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40. MØ – Bullet with Butterfly Wings (Smashing Pumpkins cover)

Danish vocalist MØ somehow finds a way to create a song that sounds extremely different from its source material while also being incredibly reminiscent of it. MØ’s vocals are raspy and expressive and take center stage here. The song is slower and prettier, but the heavy reverb on the drums and the melodic bass guitar somehow create a late-’90s alternative feel nevertheless. – Mike Misch

39. Unwoman – Heroes (David Bowie cover)

We here at Cover Me are rather keen on Unwoman (Erica Mulkey). A friend of the site, she has come to short-noticed aid for us when a song is badly crying out for a cover, delivering the goods for those moments when all the world needs is a steampunk electrocello rendition of… well, nearly anything. Not that that is good enough reason for her inclusion here today. Inclusion here requires quality, and this has it in shovelfuls. A one-time collaborator of icy string quartet Rasputina, Mulkey takes that band’s sometimes 2D approach to a different level, with enough humanity to transcend beyond what might otherwise retain only novelty appeal. There is enough Viennese concert hall here to cut through the black top hat and taffeta that band might have provided, cutting some soul to the strychnine. Here, Bowie’s Berlin seems a more hospitable place than when the Thin White Duke lived there, the vocal more an appeal than a cry of despair. – Seuras Og

38. Lettuce – Everybody Wants to Rule the World (Tears for Fears cover)

No Tears for Fears song has been covered more than 1985 hit “Everybody Wants to Rule the World” (despite “Mad World” being another choice, it’s not even close). The tune’s distinct melody and poignant words, combined with its unapologetically ‘80s sound, continues to inspire artists to put their own spin on the track. This year, we saw multiple covers, including renditions by the likes of Weezer and Pomplamoose. The standout among this group is this version by the jam band Lettuce, who included the cover on its album Elevate. The group reworked the track as a mellow-soul slow jam, blending elements of funk and hip hop. The album version is solid, but like any jam band, the music is meant to be experienced live. In concert, the band opened the track with a long, slow keyboard intro and included extended mid-song sax and guitar solos. Tears for Fears never sounded so groovy. – Curtis Zimmermann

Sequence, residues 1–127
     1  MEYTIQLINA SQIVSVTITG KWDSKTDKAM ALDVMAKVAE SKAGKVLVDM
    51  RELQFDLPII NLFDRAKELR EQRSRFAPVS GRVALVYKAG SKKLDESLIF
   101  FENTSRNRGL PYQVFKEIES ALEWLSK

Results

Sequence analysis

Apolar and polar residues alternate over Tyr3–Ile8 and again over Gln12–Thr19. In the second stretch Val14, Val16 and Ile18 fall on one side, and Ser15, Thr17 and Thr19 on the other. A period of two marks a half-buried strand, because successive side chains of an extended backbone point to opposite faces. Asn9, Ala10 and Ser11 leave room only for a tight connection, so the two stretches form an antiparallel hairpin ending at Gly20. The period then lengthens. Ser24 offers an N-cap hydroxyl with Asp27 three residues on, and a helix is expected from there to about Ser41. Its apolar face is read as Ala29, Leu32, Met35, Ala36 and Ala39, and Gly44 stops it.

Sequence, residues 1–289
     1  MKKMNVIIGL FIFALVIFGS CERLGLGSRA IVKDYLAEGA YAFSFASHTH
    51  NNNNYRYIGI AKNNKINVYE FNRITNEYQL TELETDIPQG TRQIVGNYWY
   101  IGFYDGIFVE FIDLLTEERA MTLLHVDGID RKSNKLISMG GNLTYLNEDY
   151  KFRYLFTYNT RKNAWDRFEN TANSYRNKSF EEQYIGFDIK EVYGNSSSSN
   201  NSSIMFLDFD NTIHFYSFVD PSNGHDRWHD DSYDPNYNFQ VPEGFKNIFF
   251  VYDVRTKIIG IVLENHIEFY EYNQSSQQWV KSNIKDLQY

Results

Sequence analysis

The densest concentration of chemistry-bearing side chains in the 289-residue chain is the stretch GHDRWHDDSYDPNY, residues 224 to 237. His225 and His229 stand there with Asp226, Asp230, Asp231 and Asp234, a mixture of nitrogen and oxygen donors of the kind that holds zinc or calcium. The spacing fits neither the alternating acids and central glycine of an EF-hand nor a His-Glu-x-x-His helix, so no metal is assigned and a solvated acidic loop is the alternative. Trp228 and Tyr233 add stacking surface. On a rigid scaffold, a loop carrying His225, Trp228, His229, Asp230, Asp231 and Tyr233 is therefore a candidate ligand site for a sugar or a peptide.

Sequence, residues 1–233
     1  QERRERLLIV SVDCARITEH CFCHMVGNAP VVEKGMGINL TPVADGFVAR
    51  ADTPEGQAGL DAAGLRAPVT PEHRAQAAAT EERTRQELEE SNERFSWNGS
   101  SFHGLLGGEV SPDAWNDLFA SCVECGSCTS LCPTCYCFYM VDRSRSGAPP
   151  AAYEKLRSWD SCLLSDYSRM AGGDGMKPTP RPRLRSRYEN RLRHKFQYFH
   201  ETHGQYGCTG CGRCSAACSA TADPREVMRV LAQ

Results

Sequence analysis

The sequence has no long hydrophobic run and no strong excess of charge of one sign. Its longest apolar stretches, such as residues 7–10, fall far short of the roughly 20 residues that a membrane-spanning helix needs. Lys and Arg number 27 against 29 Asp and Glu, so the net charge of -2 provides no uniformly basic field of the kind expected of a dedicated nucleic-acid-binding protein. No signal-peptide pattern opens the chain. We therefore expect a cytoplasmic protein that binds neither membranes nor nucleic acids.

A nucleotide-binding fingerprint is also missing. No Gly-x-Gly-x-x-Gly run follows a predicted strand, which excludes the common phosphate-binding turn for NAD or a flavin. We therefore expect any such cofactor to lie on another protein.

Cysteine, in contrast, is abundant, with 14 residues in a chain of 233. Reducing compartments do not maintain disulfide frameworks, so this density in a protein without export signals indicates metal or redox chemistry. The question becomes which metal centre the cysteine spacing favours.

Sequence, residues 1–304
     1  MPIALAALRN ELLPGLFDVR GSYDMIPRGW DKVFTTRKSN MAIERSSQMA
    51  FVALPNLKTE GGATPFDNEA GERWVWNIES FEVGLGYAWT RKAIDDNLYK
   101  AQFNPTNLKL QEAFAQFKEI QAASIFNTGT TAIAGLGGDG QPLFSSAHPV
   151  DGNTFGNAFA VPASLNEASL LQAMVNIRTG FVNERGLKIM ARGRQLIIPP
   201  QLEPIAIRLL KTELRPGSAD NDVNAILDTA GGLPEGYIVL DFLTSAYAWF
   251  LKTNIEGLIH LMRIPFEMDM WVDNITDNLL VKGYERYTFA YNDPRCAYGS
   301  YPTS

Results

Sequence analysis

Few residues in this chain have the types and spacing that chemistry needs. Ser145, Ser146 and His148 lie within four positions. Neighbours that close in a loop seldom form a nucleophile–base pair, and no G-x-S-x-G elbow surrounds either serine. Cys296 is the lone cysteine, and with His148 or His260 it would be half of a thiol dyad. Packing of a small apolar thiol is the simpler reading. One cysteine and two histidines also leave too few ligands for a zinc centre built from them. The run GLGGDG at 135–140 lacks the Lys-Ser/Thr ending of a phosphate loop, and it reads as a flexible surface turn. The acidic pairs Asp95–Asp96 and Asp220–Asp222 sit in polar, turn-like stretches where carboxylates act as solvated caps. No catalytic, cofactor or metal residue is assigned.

37. Jenn Champion – My Name Is Jonas (Weezer cover)

Over an insistent, pumping synth bass line float the echoing vocals of Jenn Champion, formerly of Carissa’s Wierd. The lyrics are crisp and clear; that’s often true in a cover that serves to highlight the depth of the song, but in this case it’s really the opposite. The lyrics don’t really seem to mean much, even though we can hear them better. Champion’s cover has an almost sanitized feel to it compared to Weezer’s relatively unhinged original. There are little fun synths and harmonies that happen throughout, but the strength of the song still hinges on that continuous bass walk and Champion’s dispassionate voice. – Mike Misch

36. Rhiannon Giddens – Gonna Write Me a Letter (Ola Belle Reed cover)

One of Rhiannon Giddens’ passions is to look for the connections among music of different styles and cultures. Her project with multi-instrumentalist Francesco Turrisi, There Is No Other, is, as her record company noted, an exploration of “the overlooked movement of sounds from Africa and the Arabic world and their influence on European and American music.” “Gonna Write Me a Letter,” by Giddens’ fellow North Carolina-born female banjo player Ola Belle Reed, is a classic Appalachian bluegrass lament about forbidden love. Giddens and Turrisi (joined by Kate Ellis on cello and viola) transform it into a Middle Eastern-inflected dirge that is no less powerful than the original, and demonstrates how a good song can work across continents. – Jordan Becker

35. Dan Mangan – Losing My Religion (R.E.M. cover)